If you don’t feel like now is the best time for a solar energy system, consider getting a water heater that is solar to start with. A water heater can represent upwards of thirty-five percent of a single home’s energy use. With the upfront costs of solar water heaters being less than a full power system, more people are able to install these rather than full systems.

Think about having your solar panels connected to the power grid. This way, you can sell unused energy to a local power company. This can help negate the installations costs.

Solar energy systems may be installed with a discount, or you may get one installed for no money at all. Solar energy is big right now and the government might even give you money to install a system.

There are many different variables that you must take into account when deciding where to install your panels. These provide a scenario for direct sunlight constantly when determining the panels’ intended outputs. Trees, cloudy skies, and a number of other factors may somewhat reduce this number.

When installing solar panels, consider the location and angle of your panels. When installing solar panels, you should take your house’s latitude into account. This will allow you to maximize the electrical output they give you.

You may want to use solar hot water for your pool or hot tub. Instead of closing it up to save on your energy bill, consider switching over to solar energy to power your hot tub and pool.

In the future, power should be less expensive and should have a negligible impact on the environment. There’s no need to wait for the rest of the world to catch on! Why not explore the options now? You will be amazed by the amount of money and energy you will save.

solar news HubSpot

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Follow This Superstar’s 7-Step Example to Dominate Your Industry

black leather platform heel crushing a cupcake

I woke up like this. I woke up like this. Flawless.

After listening to “Flawless” five times, Evette went to the mirror, and told herself the lyrics in the Beyoncé song were true.

She believed it. She internalized it. She embodied it.

Ready to dominate, Evette strutted over to her computer to fire off a blog post. A post that would enable her to claim her rightful place atop her industry.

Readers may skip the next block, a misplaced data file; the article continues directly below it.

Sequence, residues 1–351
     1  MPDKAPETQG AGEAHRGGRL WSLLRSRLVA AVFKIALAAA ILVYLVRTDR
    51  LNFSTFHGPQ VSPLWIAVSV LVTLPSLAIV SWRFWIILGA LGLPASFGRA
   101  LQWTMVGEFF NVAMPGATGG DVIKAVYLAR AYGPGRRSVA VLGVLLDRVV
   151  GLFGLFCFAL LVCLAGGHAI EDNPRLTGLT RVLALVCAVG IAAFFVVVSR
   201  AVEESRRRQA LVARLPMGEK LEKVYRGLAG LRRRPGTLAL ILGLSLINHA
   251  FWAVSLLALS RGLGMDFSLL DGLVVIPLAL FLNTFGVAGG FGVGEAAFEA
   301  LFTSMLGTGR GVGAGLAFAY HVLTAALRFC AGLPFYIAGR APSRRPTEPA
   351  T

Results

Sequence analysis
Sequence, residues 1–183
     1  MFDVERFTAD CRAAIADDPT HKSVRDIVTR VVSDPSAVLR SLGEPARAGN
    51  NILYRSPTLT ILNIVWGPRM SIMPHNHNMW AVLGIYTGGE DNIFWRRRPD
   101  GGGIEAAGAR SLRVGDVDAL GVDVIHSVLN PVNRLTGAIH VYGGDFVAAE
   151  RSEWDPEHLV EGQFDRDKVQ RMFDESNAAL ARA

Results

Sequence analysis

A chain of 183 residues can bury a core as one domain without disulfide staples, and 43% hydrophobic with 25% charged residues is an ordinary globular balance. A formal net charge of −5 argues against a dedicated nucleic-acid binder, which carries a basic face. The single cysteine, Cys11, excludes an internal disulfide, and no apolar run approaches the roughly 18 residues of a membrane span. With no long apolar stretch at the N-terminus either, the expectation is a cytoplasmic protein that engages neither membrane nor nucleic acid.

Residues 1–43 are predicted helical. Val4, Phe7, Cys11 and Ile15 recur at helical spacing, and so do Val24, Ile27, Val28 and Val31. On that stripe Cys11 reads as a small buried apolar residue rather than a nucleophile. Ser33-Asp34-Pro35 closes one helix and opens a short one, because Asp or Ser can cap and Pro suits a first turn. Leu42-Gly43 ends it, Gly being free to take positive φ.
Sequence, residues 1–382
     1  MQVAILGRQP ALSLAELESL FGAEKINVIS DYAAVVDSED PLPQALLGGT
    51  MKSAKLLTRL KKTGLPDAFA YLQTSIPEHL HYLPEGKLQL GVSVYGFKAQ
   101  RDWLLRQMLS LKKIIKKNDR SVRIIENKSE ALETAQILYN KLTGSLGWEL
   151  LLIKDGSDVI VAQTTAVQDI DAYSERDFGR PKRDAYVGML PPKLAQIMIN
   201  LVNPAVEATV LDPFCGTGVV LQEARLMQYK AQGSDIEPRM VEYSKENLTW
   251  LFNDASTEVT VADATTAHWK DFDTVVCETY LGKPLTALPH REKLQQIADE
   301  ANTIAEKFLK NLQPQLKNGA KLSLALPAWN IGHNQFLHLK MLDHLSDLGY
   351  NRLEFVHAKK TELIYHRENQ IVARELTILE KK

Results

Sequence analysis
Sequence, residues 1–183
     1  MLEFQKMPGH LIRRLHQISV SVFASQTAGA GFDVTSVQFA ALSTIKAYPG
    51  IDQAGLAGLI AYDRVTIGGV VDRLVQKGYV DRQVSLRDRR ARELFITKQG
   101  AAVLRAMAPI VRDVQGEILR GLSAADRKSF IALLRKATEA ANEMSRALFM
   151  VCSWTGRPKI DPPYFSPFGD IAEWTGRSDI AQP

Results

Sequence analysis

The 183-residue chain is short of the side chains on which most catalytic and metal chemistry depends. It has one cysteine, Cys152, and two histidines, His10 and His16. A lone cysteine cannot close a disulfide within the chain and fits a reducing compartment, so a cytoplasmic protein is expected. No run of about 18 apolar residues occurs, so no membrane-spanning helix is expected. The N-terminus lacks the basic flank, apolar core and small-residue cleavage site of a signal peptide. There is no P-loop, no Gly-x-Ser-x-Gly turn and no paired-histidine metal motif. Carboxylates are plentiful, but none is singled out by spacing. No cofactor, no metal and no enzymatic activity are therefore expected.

The same way Beyoncé dominates her industry.

You’ve met an Evette before, right?

Someone who thinks she’s so flawless, all she has to do is show up and everyone will bow down to her.

But it doesn’t quite work that way. Not for the Evettes of the world. And not even for Beyoncé.

As a result, instead of showing the world she’s a rock star like the Queen Bey, Evette ends up looking more like this.

No bueno.

But there’s a better, more strategic way.

The blueprint for dominating your industry

As talented as Beyoncé is, it’s tempting to believe that she does indeed just wake up flawless.

But the Queen Bey is human. Just like you and me.

The difference between Beyoncé’s mega-success and yours is a matter of executing the right game plan to make the most of your abilities and opportunities.

That’s what Evette is missing.

So if you want to dominate your own industry, follow this Beyoncé-inspired, seven-step blueprint for consistently crushing your competition.

1. Stand on a soapbox

Women’s empowerment has been a consistent theme throughout Beyoncé’s career. Through songs like “Independent Women Part One” with Destiny’s Child, to “Run the World (Girls)”, and “Flawless” as a solo artist, the singer has a long history of touting girl power.

The self-proclaimed “modern-day feminist” also has a 10-piece, all-woman band dubbed The Sugar Mamas. Her motivation for forming the band was to inspire young women to get involved in music.

Beyoncé’s commitment to promoting women even led her to write a piece on gender equality in The Shriver Report earlier this year.

If you want to dominate, you must elevate your tribe.

Lead them. Empower them. Make them better off for having you in their world. To strengthen your tribe, you must stand for something bigger than the products or services you offer.

Fashion designer Tory Burch, for example, strengthens her tribe by supporting economic empowerment for women.

The Tory Burch Foundation provides small business loans, mentoring, and entrepreneurial education for women. Tory was recently named an Ambassador for Global Entrepreneurship by the Obama administration because of her commitment to her cause.

What do you do to elevate your tribe?

2. Practice until your feet bleed

On Day One, Beyoncé wasn’t the amazing rock star she is today. She’s put a ton of work in over the years honing her craft. At times, she even practiced her choreography until her feet bled.

Even though she’s long-passed the 10,000-hour mark in performing, Queen Bey still puts in major work to keep growing.

Lacey Rose of Forbes noted:

Beyoncé constantly works and reworks her act, watching every two-hour performance on tour — even after the hundredth appearance — taking notes on how to improve.